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Clifton Anderson has spent almost a quarter-century playing trombone in Sonny Rollins' band, rarely leading his own groups. Decade is Anderson's second release as a leader, utilizing a variety of musicians in different combinations (several of whom are Rollins alumni or sidemen): pianists Larry Willis and Stephen Scott, bassists Bob Cranshaw and Christian McBride, drummers Al Foster and Steve Jordan, saxophonists Kenny Garrett and Eric Wyatt, plus percussionist Kimati Dinizulu. On his own, Anderson has a better chance to showcase himself without the competition from his uncle's long solos, as well as featuring his catchy post-bop compositions. He isn't trying to ignore his association with Rollins though; the upbeat calypso, "Aah Soon Come," features Wyatt's punchy tenor in a humor-filled solo. His snappy "So Wrong About You" is a strutting affair that sounds like it was written during the heyday of hard bop.
The standards are just as much fun. Anderson's improvised muted introduction to "I'm Old Fashioned" is backed solely by Foster, taking this old warhorse for a spirited ride in a driving bop setting. Anderson also uses a mute for "We'll Be Together Again," with Scott as his only partner, taking the song away from its typical bittersweet flavor and adding a touch of whimsy. He transforms the '70s pop song "If" into a slightly breezy hard bop setting, with his expressive solo complemented by Scott, McBride and Jordan. Hopefully it will not be another decade before Clifton Anderson releases his next CD.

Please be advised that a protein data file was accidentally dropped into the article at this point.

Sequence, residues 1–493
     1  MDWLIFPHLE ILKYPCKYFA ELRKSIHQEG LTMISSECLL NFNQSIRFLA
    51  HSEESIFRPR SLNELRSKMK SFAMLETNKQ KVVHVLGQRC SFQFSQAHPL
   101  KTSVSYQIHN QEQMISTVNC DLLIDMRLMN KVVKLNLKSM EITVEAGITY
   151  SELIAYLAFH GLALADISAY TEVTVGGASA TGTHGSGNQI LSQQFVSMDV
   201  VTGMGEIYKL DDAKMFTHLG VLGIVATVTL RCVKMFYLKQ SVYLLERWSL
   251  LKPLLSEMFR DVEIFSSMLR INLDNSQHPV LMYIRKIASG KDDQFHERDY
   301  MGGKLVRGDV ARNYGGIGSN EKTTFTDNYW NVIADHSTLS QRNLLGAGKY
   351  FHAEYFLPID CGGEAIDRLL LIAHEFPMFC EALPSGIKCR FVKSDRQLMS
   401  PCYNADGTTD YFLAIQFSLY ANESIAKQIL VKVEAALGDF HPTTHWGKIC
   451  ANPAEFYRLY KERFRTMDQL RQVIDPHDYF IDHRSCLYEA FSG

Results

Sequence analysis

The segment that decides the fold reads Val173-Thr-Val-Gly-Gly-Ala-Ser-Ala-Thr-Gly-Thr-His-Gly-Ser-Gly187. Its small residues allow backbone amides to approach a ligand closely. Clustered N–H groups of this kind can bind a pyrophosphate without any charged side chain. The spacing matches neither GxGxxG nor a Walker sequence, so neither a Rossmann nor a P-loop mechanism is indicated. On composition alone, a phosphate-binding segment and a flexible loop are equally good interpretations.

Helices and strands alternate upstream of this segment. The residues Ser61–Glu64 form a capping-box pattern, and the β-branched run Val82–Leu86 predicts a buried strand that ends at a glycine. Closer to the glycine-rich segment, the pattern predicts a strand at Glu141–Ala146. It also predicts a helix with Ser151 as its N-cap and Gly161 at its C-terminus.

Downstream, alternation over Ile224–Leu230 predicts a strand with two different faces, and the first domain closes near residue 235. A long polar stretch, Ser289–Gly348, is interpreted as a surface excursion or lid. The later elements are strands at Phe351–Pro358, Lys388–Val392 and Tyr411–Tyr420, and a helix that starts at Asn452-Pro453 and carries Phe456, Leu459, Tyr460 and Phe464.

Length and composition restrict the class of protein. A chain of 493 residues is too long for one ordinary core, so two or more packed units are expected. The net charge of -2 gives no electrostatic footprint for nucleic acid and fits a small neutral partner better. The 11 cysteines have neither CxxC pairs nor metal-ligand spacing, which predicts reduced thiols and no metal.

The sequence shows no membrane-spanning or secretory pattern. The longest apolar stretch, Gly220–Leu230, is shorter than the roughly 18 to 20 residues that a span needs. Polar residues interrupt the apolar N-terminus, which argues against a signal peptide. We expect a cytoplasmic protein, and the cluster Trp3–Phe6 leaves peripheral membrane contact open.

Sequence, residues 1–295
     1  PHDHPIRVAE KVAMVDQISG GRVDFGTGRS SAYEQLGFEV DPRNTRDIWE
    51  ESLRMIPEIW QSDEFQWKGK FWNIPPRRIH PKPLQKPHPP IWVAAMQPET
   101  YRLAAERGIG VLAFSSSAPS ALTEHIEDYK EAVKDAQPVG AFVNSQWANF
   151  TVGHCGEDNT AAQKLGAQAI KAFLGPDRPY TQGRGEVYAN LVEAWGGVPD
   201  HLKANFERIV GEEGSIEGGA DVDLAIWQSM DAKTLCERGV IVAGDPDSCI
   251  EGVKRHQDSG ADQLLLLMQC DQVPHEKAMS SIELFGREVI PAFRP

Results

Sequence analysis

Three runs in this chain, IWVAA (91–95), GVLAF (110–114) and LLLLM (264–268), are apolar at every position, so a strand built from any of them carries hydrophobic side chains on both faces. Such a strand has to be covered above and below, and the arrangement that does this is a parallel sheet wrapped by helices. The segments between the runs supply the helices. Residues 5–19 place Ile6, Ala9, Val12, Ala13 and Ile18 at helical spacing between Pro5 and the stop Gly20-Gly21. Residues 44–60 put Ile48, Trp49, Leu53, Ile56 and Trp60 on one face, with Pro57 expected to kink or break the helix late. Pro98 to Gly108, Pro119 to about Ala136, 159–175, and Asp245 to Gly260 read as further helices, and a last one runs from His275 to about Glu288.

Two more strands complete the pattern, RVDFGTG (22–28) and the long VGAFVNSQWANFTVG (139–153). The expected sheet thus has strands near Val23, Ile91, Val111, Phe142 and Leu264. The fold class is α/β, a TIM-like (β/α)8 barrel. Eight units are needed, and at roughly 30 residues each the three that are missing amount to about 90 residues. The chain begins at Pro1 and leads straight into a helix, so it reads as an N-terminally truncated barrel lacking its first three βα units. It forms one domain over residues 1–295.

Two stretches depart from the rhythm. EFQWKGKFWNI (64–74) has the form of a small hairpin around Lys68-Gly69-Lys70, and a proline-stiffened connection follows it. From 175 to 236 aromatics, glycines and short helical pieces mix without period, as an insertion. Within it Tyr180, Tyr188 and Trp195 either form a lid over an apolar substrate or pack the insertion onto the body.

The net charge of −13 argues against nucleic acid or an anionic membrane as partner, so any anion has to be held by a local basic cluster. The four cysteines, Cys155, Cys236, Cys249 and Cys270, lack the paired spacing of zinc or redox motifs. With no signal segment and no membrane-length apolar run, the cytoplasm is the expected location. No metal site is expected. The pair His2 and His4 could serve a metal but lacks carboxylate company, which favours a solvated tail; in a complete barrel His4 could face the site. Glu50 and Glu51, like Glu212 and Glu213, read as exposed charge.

Track Listing: Noble; So Wrong about You; I'm Old Fashioned; Z; I'm Glad There is You; Deja-Blu; If; Aah Soon Come; We'll Be Together Again; Stubbs.
Personnel: Clifton Anderson: trombone; Larry Willis: piano; Stephen Scott: piano; Bob Cranshaw: bass; Christian McBride: bass; Al Foster: drums; Steve Jordan: drums; Kenny Garrett: alto sax; Eric Wyatt: tenor sax; Kimati Dinizulu: percussion.
I love jazz because anything is possible; it has few rules and the best jazz breaks those ones. I prefer free improv because it doesn't really have any rules at all.
I was first exposed to jazz in my teens (in the late sixties).
The first jazz record I bought was Filles de Kilimanjaro by Miles Davis, shortly followed by Extrapolation by John McLaughlin.
My advice to new listeners is to listen as widely as possible and not to make snap judgments--stick with it.